By Jeffrey N DeMarco, Special to CNN
Editor’s note: Jeffrey DeMarco is a lecturer in Criminology at Kingston University and research associate with the Centre of Criminology and Sociology at Royal Holloway, University of London. The views expressed are his own.
Here we are again. An attack. A metropolis. A sensational depiction of violence. A Western victim. These are the thematic artifacts of our current (British) understanding of the “War on Terror.” Regardless of the venue, the perpetrator, or the modus operandi we reach an ultimate conclusion: Islamic jihadists. Full stop. The drawn out era of conflict post-9/11 has limited our already narrow understanding of a worldwide conflict fuelled by our incomprehension of “another.” The “War on Terror,” meanwhile, has evolved.
When the Twin Towers fell, our concept of terrorism and victimology dramatically changed. No longer did these atrocities play out on foreign soils, but instead on our neighbors’ door steps. The attack on London's transit system in July 2005, as with that on Madrid's in March 2004, only reinforced our own feelings of victimization. What we fail to acknowledge is the evolutionary process terrorism, as crime, follows.
On Thursday, with the killing in Woolwich in Southeast London of a man believed to be a soldier, we were reminded of the dynamic nature that a terrorist act can take. As details emerge, we see the substantiated process of the “lone wolf” or “wolf pack” emerging further. The purpose of terrorism is not, contrary to popular belief, to terminate the maximum number of lives. Instead, the goal is the installation of fear and uncertainty amongst the populace. Al Qaeda’s influence is not about direct contact – the group’s mere existence is intoxicating, given the appropriate channels.
The intricate structure of contemporary Islamic intifada is actually a product of popular discourse. Our “enemies” are our own creation. Yes, the self-radicalized terrorist is a real threat, but it is one produced by none other than our own foreign policy. Whether it be five or fifty “victims” matters not. The popular reaction is what counts. If we are scared, the mission is successful. We are.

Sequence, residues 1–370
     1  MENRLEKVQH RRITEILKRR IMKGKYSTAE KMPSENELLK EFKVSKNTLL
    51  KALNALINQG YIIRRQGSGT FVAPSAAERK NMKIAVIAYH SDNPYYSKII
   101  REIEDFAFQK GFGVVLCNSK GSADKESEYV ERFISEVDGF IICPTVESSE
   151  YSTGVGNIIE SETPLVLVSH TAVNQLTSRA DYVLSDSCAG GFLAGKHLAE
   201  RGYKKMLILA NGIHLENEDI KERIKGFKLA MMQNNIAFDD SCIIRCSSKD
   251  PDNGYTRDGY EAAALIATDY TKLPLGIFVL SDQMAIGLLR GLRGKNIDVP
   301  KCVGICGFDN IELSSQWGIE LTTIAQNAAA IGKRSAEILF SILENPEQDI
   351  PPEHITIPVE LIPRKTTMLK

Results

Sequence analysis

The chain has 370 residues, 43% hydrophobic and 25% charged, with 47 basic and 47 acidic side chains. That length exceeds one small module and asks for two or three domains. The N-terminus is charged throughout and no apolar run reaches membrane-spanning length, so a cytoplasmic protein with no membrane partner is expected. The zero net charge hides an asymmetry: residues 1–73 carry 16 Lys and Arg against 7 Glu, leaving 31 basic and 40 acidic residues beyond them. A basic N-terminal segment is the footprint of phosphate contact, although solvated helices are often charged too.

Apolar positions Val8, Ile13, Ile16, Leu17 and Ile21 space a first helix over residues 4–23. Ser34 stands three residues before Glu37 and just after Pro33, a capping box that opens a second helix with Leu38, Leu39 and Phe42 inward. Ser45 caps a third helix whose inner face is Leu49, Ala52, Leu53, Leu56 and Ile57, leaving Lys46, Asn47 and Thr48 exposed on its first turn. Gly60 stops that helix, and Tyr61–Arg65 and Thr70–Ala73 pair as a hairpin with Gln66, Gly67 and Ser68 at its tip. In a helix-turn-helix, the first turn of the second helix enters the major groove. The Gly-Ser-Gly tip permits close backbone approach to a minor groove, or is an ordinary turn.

Ed Husain, author of The Islamist, has discussed a process of radicalization. When grievances are internalized, the potential for real martyrdom may emerge. In today's atrocity, this seems to have been the case. We no longer need to look for the sensational and fantastic act of terror in order to fear it. Things change. Methodologies evolve. Terrorism is no different.
The symbolism of capturing the events as they took place on the cell phones of passersby also highlights a shift in our comprehension of terrorism. The perpetrators in today's attack aimed to digitally capture their actions, thus providing a real-time “educational” tool to those interested in pursuing the cause. And, as with 9/11, we are able to realistically experience the consequences of these acts, regardless of our location. We feel violated; wronged; and involved. It makes it that much more personal.
Our society is full of risks, in all shapes and forms. We adapt to whatever poses a threat. With this latest incident, we need to appreciate this fact and comprehend at a deeper level what has happened. Yes, the details are still emerging. Regardless, though, we need to acknowledge that mass casualties are not necessarily the endgame; the epidemic of fear bestowed by an unsuspected entity can be just as damaging.